But simple as Jesus' teaching is, his phrases are crowded with meaning. Single phrases have whole sermons in them, driven home in unforgetable pictures. It was a customary form of Jewish teaching, as was the parable, but used by none other as by Jesus. These sermons in a phrase have -become part of our common speech: a house divided against itself, wolves in sheep's clothing, counting the cost, grapes from thorns, whited sepulchers, the first shall be last, salt of the earth.
The Poetry of Jesus.—A separate lesson might well be given to the study of Jesus as poet. It was not, of course, the poetry of labored effort, but the speech of a soul that, itself filled with beauty as with truth, saw all things truly and spoke all things well. Not even the translation from Aramaic to Greek, and again from Greek to English, can hide from us this form. Jesus' parables are like pictures. There is perfect composition, no line out of place. There is the frugality of the artist; not a word can be spared, nor need another word be added. Each phrase, each picture, has a certain finality. We feel that this has been said once for all; hereafter we can only repeat. And so we do not wonder that these phrases have passed over into the common speech of all lands and ages.
Hebrew poetry did not use rime and did not depend upon meter as commonly with us. In this respect it was more like the modern vers libre. Its special mark is parallelism. Line is placed by line, sometimes repeating the thought, sometimes contrasting, but always so that these lines together form a whole. The psalms give the best examples. To this form of poetry the speech of Jesus rises again and again. Here, for example, is the close of the Sermon on the Mount. The parable forms two stanzas. In each of these, two longer lines state the theme, four short lines follow, with a long line in conclusion. The strong line that closes the first stanza is like the rock upon which the house rests; the last line of the second stanza is like the solemn tolling of a funeral bell.
The Sermon on the Mount is rich in such passages. Note especially the beatitudes, and the whole passage about the single heart and the single trust (Matthew 6.19-34). Here noble thought is fitted with speech as beautiful as it is simple, while over all is the atmosphere of Christ's own peace. The first half of Matthew 7 is entirely composed of passages cast in the Hebrew poetic form. In none of this is there the sign of labor. It is merely the beauty of form instinctively chosen for pure and noble thought.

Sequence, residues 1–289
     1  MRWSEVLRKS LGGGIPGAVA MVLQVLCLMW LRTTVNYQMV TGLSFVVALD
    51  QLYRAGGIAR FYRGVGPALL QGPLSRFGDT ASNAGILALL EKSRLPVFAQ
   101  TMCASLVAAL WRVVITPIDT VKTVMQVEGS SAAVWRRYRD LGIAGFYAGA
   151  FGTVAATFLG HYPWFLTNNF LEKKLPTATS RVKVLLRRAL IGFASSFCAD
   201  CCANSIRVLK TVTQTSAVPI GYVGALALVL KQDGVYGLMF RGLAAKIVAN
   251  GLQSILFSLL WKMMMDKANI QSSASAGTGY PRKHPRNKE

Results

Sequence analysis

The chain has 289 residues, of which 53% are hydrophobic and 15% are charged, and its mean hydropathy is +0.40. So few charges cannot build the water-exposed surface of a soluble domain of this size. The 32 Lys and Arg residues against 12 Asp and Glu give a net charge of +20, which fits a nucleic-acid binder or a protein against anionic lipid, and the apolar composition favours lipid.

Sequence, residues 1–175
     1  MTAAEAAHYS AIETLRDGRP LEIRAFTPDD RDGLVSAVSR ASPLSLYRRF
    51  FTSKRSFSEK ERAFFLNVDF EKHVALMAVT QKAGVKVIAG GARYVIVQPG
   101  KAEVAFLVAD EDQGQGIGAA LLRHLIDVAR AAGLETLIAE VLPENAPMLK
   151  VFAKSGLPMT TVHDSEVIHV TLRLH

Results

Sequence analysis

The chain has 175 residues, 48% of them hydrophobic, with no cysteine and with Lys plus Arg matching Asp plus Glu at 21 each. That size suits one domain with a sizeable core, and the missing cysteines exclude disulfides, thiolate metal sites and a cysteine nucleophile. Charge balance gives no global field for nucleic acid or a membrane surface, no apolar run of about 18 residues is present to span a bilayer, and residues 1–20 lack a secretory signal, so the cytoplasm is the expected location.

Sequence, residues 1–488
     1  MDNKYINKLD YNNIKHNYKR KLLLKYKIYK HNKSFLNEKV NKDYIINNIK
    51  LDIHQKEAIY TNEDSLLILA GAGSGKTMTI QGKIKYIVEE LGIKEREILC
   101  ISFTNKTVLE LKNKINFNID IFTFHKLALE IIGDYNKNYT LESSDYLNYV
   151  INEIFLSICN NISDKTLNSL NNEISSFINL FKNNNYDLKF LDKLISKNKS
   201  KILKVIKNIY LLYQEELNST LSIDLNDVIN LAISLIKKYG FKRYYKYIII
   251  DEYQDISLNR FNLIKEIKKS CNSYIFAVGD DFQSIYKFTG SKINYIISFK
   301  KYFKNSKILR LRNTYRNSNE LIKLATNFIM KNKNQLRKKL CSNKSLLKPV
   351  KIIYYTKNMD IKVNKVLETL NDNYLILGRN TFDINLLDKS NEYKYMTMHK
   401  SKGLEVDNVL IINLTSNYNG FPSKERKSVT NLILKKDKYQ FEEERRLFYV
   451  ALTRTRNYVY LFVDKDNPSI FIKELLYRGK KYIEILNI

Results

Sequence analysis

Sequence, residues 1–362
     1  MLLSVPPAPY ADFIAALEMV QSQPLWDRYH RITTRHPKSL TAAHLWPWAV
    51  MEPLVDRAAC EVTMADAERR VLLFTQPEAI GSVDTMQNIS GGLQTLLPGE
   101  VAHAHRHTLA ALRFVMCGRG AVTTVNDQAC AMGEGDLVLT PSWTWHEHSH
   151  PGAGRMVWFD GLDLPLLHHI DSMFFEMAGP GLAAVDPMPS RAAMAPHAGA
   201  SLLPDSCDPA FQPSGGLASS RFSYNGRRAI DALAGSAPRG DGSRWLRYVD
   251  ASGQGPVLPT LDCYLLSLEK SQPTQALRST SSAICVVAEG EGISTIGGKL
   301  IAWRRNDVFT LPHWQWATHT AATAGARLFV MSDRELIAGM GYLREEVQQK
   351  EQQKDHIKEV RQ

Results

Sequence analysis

What is a Parable?—Most of the pictures that we have spoken of so far are simple likenesses. The parable is another form of Jesus' picture-teaching, and one that demands special attention. The parable is an invented story, like the fable or the allegory. It differs from the fable in being a story that might naturally happen. The parables have no talking animals, for example, like the fables of Aesop. Even more important is the difference from the allegory. A parable, like an allegory, is a story used to prove or illustrate some spiritual meaning. In an allegory, however, like the Pilgrim's Progress, each figure and incident has its special meaning, and one must ask continually, what does this mean? and what is that? The parable, on the other hand, is an argument intended to prove one central point. Other points may suggest a comparison, but the real point of the parable is one.
Some Difficult Parables.—Many of the difficulties in the parables will disappear if we realize this, that they are arguments meant to prove one point. Here is the unrighteous steward (Luke 16.1-12). Jesus does not commend his sharp practices. The parable has just one point: let the disciples be as efficient in the affairs of the Kingdom as this man was in his own selfish interest. There is just one point in the parable of the eleventh-hour laborers (Matthew 20. 1-16). We are not servants in a market place waiting to be hired. God is not a mere master dealing with his workmen. Nor does Jesus teach that men should get equal wages whether they work one hour or twelve. God is like the Lord of the vineyard in just one thing: he gives, and does not simply pay. He deals with men not after their desert, but according to his grace.
The Parable of the Forgiving Father.—None of the parables of Jesus is better known than that of the prodigal son. Its theme is that eternal one of a boy's waywardness and a father's love. It should be called the parable of the forgiving father. Jesus did not tell it in order to picture human sin and its consequence, though it does that wonderfully. The story is his argument in answer to the criticism of his foes (Luke 15. 1, 2, 11-24). They had criticized him bitterly for associating with the taxgatherers and other religious outcasts, or "sinners"; he was violating the law, overturning all order, and actually encouraging unrighteousness. So Jesus tells them the story of this father and his boy. Just where his story was leading them his hearers probably did not see. But even the Pharisees must have been moved as they saw the old man, worn with his waiting, at last catch sight of the boy far down the road and run out to meet him. He forgets the boy's rags and filth and even his sin, nor does he mind what the neighbors say. He has won back his boy, and that is enough. God is like that, says Jesus. His rule is mercy and his joy is in winning back his wayward children.